The legal information portal will be accessible to all citizens and create uniform, modern, intuitive, barrier-free and user-friendly access to the information provided. For the first time, all current laws and regulations, court rulings and administrative regulations issued by the Federal Government along with the extensive metadata associated with it all are to be made fully available as open data.
With the development of the portal, the Federal Ministry of Justice will be among other things fulfilling requirements laid down in the German Data Use Act (Datennutzungsgesetz). This implements the European Union's Open Data Directive, which seeks to promote the publication of dynamic data and the creation of data interfaces (APIs).
The approach: interdisciplinary, user-centered, iterative
We are at present commencing our work on NeuRIS. Our team will initially consist of seven employees from the disciplines of product management, design and software development. By the end of the year, it is to grow to about 20 employees.
When creating the technical basis for a Federally owned data storage system, involvement of the documentation offices is key. Their employees will be the main users of this solution. And they expect a highly efficient system with which to manage and update legal information.
In order to keep the focus, we will be starting with the documentation of case law handed down by the courts and at first work with one or two documentation centers to develop the product together. The integration of all other documentation centers will then be completed step by step in the guise of feedback loops and changing focuses.
The goals for the first 12 months
Development is to take place in two-week sprint cycles. Our goal is to be able to productively use the documentation environment with the relevant part of the data management in a documentation center within a span of 12 months. To this end, we will be closely coordinating the scope for the so-called minimum viable product (MVP) with the documentation centers.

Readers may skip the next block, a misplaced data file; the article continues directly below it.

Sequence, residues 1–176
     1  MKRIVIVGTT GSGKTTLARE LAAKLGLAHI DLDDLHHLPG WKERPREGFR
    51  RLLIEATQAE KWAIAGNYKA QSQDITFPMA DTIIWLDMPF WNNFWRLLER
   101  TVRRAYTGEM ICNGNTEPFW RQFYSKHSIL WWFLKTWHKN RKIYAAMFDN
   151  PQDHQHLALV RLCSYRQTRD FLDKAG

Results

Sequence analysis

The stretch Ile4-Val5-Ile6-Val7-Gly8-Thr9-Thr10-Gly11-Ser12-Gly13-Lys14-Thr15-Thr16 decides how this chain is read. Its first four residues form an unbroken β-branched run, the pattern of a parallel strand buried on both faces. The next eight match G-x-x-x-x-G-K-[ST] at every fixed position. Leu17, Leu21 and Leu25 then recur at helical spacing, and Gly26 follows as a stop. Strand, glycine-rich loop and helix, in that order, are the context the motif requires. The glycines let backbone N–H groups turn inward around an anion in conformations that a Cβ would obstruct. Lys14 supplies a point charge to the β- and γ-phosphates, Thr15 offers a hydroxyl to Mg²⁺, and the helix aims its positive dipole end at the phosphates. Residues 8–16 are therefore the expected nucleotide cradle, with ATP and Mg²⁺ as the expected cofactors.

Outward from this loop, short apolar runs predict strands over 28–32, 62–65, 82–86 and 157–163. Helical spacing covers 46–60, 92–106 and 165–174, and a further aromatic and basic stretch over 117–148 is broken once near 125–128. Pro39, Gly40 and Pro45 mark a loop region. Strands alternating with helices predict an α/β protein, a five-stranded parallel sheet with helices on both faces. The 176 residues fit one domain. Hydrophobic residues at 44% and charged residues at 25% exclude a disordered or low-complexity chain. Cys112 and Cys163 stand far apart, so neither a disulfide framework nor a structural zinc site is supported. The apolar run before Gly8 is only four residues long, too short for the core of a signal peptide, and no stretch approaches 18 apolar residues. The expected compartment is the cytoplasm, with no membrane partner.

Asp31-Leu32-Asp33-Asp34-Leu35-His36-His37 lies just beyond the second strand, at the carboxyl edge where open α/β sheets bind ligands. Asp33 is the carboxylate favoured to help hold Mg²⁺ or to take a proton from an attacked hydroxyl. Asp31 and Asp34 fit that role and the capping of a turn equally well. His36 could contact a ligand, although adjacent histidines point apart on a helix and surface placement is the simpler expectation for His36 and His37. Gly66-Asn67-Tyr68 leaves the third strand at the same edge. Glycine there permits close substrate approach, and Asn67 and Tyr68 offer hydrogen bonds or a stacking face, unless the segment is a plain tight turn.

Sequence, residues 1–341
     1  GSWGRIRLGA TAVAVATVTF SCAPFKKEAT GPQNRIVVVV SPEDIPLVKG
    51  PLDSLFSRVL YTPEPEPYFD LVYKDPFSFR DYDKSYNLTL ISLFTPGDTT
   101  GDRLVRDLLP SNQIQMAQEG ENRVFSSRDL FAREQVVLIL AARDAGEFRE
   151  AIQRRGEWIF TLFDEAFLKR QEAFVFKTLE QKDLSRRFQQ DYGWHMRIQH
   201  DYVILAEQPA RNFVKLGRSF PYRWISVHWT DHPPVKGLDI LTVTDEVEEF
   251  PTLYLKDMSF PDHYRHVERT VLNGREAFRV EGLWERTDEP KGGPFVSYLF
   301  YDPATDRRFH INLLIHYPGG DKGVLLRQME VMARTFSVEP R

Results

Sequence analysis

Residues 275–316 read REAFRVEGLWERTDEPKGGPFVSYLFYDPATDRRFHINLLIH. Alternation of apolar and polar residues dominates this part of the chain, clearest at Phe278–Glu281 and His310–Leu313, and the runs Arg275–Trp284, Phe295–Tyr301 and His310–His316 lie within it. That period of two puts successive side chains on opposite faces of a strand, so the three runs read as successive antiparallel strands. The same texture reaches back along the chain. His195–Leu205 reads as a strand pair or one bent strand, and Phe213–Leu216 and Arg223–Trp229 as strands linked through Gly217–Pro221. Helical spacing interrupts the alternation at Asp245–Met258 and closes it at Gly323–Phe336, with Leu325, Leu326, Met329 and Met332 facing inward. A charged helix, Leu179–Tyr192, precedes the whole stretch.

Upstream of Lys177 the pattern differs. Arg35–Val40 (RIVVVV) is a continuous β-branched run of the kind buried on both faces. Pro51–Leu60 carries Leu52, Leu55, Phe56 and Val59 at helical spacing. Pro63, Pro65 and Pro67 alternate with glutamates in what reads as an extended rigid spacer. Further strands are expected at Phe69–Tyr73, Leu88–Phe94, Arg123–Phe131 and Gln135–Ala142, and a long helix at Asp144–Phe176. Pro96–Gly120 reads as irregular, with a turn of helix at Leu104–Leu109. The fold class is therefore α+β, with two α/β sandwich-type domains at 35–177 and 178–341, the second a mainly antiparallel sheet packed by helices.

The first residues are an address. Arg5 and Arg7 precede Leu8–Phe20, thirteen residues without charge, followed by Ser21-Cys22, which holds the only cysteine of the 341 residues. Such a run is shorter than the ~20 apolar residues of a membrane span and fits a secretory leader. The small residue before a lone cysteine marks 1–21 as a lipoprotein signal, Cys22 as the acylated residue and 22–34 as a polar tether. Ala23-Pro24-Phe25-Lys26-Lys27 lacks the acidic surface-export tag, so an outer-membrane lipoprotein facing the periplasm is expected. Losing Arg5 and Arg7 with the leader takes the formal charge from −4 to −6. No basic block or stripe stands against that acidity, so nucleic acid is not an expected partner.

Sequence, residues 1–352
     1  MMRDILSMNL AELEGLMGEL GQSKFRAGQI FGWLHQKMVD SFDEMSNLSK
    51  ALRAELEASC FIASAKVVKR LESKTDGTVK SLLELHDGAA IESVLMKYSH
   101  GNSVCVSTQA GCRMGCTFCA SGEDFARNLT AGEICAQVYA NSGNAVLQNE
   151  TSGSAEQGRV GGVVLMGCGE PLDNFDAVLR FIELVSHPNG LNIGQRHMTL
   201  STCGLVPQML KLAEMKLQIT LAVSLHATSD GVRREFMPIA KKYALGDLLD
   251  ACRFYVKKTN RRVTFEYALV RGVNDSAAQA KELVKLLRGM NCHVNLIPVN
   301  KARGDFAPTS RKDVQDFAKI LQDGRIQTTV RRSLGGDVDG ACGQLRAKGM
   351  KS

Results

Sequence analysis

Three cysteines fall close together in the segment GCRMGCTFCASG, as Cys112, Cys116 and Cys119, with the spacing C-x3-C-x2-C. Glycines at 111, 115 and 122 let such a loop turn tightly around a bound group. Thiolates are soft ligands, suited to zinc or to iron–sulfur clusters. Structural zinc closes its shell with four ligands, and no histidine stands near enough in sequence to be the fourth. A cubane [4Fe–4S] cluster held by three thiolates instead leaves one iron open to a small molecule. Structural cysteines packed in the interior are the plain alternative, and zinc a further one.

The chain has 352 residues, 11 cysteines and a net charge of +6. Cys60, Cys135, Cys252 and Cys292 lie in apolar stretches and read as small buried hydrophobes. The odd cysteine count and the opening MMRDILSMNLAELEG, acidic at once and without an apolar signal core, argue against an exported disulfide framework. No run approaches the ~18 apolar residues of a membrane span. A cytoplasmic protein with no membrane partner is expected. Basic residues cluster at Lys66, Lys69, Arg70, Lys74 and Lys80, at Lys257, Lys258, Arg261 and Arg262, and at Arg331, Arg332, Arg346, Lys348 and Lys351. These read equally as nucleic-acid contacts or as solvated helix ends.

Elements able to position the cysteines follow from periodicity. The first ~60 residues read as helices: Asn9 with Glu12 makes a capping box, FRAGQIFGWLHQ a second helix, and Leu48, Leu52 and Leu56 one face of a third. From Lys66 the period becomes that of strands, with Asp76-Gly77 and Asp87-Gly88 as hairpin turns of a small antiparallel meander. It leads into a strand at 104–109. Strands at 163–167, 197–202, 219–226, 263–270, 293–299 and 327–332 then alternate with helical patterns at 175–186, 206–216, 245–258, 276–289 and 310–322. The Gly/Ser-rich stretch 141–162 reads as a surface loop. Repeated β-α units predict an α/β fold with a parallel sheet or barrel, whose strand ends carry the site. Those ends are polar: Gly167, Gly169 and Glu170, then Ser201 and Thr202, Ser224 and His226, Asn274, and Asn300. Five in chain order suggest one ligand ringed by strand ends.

In addition to the development of the system itself, it is also a matter of building interfaces, migrating and cleansing data and creating possibilities for integrating the legacy systems during the transition phase. After all, the documentation centers should not under any circumstances have to maintain two systems parallel to one another.
The challenges are manifold, and not all solutions are known yet. This is exactly where our agile and iterative approach comes into play.
Through feedback to high usability
As a preliminary stage for the legal information portal, a click dummy and a functionally limited version of the programming interface (API) is to be developed and rolled out, similar to the Tech4Germany project. This is also supposed to take place within the first 12 months.
The API can then be tested by any and all interested parties. Users can also contribute feedback, which is to be published on an interactive website and incorporated into further development.
The potential users of the legal information portal include businesses, students, academia, civil society and private individuals. The public will be engaged in order to create real added value for users while taking their technical and functional requirements into account in the development of the interface.